Welcome to a brand-new Novelty Revisions series, Breaking Bad Writing Habits. This is exciting. We’re going to tear apart your worst writing habits and build stronger ones, together.
This week, we’ll be talking about motifs.
You’ll remember from this post (sorry, that last photo is a bit sadder now) that a motif, similar to a symbol, is a recurring idea, image, sound, etc. throughout a story. There is a right and a wrong way to use a motif, and thankfully, the “wrong” way is easily fixable.
The habit: overusing your beloved motif
Once we come up with a really great motif – because every now and then, amazing things like this just HAPPEN – we latch onto it … sometimes a little too hard. It’s a great technique, and once you learn it, basically all you’ll want to do at first is use it. Over … and over … and over again.
My first novella uses its title object, ribbons, as a way to (literally) tie back to its overall themes of togetherness and forgiveness and love. We’ll use that to refer back to throughout the remainder of this post as we break own this bad writing habit.
What’s so bad about it?
Yes, motifs are great. Especially when you let yourself get creative with them. Use them too much, though, and you’ll end up wearing down your craft much more than you’ll enhance it.
Put simply, overusing a motif kills its wow factor. If I mentioned ribbons in every single chapter of my story just for the sake of mentioning it, you’d get absolutely tired of it. The point of a motif is to remind the reader of a main theme, not beat them over the head with it.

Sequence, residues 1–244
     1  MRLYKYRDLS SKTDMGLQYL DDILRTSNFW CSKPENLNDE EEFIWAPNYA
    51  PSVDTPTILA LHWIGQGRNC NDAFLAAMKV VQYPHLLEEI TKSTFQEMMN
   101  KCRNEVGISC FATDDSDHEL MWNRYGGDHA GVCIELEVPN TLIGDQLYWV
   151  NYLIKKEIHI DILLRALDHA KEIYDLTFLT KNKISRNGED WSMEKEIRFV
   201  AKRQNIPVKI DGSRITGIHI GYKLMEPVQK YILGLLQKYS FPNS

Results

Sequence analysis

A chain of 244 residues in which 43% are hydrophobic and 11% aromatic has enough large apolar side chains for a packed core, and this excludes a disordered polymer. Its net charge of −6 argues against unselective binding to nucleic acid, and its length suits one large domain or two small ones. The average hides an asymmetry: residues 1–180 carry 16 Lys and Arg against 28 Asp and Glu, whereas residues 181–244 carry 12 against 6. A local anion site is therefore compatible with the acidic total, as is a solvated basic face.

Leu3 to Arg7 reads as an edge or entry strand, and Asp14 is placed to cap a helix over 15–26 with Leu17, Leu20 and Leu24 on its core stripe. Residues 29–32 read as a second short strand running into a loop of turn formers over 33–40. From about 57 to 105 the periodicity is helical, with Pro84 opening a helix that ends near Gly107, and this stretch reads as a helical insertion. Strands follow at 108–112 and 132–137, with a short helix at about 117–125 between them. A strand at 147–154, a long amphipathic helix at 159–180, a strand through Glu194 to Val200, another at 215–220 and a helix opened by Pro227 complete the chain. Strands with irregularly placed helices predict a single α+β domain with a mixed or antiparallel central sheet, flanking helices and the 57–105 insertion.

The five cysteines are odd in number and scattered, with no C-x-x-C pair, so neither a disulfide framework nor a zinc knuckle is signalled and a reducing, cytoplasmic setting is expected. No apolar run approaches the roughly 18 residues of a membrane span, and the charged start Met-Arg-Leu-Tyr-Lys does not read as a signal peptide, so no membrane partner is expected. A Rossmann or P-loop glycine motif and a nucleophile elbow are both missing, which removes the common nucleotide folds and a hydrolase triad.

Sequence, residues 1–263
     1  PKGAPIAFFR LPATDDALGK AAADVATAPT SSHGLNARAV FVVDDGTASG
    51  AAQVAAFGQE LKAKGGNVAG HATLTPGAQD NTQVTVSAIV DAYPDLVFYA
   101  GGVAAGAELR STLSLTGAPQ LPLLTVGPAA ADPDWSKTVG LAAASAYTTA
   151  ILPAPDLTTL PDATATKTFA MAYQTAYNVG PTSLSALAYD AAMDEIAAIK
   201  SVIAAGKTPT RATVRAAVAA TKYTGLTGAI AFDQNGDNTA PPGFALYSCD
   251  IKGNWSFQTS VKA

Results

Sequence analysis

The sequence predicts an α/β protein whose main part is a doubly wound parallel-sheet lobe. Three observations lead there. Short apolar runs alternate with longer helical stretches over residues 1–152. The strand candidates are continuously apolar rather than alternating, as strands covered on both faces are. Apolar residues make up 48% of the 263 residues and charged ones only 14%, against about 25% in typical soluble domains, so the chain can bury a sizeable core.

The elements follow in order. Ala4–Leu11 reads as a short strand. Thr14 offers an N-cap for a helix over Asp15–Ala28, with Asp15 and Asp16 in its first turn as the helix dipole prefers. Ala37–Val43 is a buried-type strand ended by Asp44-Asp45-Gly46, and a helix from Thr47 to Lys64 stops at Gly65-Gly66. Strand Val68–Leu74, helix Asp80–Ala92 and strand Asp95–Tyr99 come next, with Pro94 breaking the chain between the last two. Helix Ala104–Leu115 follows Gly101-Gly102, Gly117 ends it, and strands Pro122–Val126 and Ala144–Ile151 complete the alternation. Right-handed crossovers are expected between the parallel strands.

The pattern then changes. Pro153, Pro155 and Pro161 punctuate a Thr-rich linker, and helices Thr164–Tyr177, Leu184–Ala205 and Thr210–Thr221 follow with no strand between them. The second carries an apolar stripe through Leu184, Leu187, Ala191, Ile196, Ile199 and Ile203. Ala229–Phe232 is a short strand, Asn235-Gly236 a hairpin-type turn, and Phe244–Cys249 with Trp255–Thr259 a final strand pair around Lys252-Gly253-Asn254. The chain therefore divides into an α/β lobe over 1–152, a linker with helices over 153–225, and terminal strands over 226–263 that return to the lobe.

How to break the habit
The reason this writing technique is a bit tricky to use at first is that it takes awhile to really master how to use it subtly. It isn’t, and shouldn’t be, the only way you address your themes, but if you take the time to figure out how much is just enough, they can really enhance your story.
One way to minimize the ‘sparkle’ of your motif without diminishing its importance is to alternate it with different motifs instead of using just one. In my story, when Madison first comes home, she tells Veronica she wants to learn to knit. ‘Tying’ back to the same theme, different object. Change up the type of motif you use as well. Instead of an image or object, use a sound or a color.
Weave your motif subtly into other parts of your story, so it’s there, but not prominent in every single scene. In some scenes of the novella, ribbons are the main focus. In others, they’re just something Rylie and Jake put into baskets while they’re having a completely unrelated conversation.
If you have a bad writing habit, you can break it. We believe in you. But let us know what it is so we can help.
Image courtesy of Image Catalog/flickr.com.